Insolvency and Bankruptcy Code: SC upholds constitutional validity, rules no promoter bid

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Published: January 26, 2019 1:18:14 AM

A resolution plan cannot pass muster under Section 30(2)(b) read with Section 31 unless a minimum payment is made to operational creditors, being not less than liquidation value, the court observed.

A final ruling on this matter is pending before the Ahmedabad bench of the National Company Law Tribunal, which is expected to give its order on January 31.

The Supreme Court on Friday upheld the constitutional validity of the Insolvency and Bankruptcy Code (IBC) in its entirety. The IBC law was passed in 2016 to prevent defaulting promoters from regaining control of their companies.
While upholding the law, a bench led by Justice RF Nariman rejected the plea to give operational creditors
parity with financial creditors. On related parties, the apex court said that it should mean a person connected with the business.

The order also upheld the Section 29A of the IBC which bars promoters of a company facing insolvency proceedings from bidding for it to regain control.

According to legal observers, the SC order is a setback for the Essar Group promoters, Ruias, who have offered to clear all dues to regain control of Essar Steel. Otherwise, ArcelorMittal’s bid of `42,000 crore has been approved by the committee of creditors. A final ruling on this matter is pending before the Ahmedabad bench of the National Company Law Tribunal, which is expected to give its order on January 31.

“The primary focus of the legislation is to ensure revival and continuation of the corporate debtor by protecting the corporate debtor from its own management and from a corporate death by liquidation. The Code is thus a beneficial legislation which puts the corporate debtor back on its feet, not being a mere recovery legislation for creditors. The interests of the corporate debtor have, therefore, been bifurcated and separated from that of its promoters/those who are in management. Thus, the resolution process is not adversarial to the corporate debtor but, in fact, protective of its interests,” the apex court said.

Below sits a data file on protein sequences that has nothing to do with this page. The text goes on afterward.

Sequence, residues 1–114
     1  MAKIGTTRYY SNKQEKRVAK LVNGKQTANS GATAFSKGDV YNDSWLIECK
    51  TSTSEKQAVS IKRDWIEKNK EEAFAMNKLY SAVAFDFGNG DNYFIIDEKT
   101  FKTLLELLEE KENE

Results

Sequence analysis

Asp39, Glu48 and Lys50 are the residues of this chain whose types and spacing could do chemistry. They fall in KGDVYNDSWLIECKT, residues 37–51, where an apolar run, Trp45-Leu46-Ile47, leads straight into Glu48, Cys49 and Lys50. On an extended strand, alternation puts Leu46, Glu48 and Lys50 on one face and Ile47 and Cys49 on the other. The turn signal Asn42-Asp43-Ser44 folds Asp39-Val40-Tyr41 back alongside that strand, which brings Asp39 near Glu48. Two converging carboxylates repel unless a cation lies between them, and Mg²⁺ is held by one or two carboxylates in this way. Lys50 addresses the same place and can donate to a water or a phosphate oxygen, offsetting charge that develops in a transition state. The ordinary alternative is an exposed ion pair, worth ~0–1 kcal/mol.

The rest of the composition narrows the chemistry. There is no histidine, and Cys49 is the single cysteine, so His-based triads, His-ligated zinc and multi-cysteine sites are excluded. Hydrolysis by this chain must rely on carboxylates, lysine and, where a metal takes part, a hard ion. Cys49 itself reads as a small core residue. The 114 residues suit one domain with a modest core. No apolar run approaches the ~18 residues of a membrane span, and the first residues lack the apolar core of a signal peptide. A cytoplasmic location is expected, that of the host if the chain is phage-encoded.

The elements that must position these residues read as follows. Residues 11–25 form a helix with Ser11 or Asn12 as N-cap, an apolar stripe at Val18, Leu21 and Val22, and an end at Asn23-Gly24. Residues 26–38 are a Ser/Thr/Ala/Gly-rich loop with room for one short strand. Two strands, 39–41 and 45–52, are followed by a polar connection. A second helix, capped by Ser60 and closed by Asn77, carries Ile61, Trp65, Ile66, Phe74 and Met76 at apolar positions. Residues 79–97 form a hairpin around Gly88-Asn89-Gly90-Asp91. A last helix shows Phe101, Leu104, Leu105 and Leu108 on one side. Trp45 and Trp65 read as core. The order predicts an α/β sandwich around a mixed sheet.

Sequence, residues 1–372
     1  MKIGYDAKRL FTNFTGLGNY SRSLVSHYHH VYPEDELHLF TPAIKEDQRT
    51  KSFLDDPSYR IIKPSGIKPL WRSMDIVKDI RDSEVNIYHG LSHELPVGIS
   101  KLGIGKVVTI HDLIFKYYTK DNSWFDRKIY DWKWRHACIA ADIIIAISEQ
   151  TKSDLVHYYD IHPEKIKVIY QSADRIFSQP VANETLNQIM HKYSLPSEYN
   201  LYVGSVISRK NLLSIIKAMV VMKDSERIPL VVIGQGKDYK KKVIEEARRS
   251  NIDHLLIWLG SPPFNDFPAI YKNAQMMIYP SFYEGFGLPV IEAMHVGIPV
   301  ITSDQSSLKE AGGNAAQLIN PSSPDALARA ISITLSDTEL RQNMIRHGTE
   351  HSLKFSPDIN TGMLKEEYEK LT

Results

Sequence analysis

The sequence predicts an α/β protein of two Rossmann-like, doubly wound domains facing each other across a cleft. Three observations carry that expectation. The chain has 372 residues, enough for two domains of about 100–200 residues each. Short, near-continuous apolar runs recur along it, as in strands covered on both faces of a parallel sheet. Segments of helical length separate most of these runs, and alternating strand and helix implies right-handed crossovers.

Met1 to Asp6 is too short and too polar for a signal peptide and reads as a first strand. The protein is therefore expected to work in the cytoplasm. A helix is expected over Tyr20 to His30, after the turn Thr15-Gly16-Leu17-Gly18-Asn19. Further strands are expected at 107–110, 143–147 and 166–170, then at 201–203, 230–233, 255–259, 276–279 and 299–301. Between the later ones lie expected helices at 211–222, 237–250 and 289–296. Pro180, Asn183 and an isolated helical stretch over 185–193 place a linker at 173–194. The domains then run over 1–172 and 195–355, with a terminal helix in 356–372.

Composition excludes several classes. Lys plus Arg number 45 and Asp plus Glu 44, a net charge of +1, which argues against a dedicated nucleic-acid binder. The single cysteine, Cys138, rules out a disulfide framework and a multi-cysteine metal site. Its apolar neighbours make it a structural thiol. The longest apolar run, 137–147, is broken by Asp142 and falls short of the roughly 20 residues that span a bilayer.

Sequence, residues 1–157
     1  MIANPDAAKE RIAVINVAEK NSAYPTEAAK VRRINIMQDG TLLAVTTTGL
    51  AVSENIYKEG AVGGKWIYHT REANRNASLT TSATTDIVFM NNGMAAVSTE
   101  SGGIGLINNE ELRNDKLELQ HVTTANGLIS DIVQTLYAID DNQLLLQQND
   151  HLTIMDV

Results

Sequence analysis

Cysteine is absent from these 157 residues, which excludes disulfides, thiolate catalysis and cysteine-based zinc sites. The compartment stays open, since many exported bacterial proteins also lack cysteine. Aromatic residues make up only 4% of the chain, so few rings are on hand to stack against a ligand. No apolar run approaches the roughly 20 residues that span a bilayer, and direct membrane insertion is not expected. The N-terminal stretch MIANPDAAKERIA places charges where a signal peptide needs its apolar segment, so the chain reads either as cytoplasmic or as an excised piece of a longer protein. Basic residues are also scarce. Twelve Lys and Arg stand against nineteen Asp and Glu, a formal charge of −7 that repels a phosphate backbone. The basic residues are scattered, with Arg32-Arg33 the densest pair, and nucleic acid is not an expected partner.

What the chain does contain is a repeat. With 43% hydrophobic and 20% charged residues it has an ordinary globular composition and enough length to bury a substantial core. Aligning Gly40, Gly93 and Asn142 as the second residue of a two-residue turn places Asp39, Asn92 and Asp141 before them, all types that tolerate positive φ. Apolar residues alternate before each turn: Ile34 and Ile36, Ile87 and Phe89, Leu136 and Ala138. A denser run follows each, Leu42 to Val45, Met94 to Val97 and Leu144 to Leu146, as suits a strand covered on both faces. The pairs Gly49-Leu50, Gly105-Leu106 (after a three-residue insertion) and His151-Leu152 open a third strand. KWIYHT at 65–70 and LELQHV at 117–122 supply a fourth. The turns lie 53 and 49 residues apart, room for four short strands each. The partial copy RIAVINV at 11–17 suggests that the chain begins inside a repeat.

The operational creditors wanted to be treated at par with the financial creditors, who are secured creditors like banks. They have the first claim over the money which comes through the insolvency proceedings.

Ruling that operational creditors are not being discriminated against financial creditors, Justice Nariman, writing for the bench, said that the Regulation 38, which was amended in October, takes care of the operational creditors. The court’s reasoning is that revival plans of bankrupt companies are approved by the resolution professionals, CoCs, and National Company Law Tribunal which take care of the operational creditors also. Any plan which doesn’t take care of them is not approved.

A resolution plan cannot pass muster under Section 30(2)(b) read with Section 31 unless a minimum payment is made to operational creditors, being not less than liquidation value, the court observed.

“Since the financial creditors are in the business of money lending, banks and FIs are best equipped to assess viability and feasibility of the business of the corporate debtor… Since this detailed study has already been undertaken before sanctioning a loan and since financial creditors have trained employees to assess viability and feasibility, they are in a good position to evaluate the contents of a resolution plan. On the other hand, operational creditors, who provide goods and services, are involved only in recovering amounts that are paid for such goods and services and are typically unable to assess viability and feasibility of business,” the 150-page order said.

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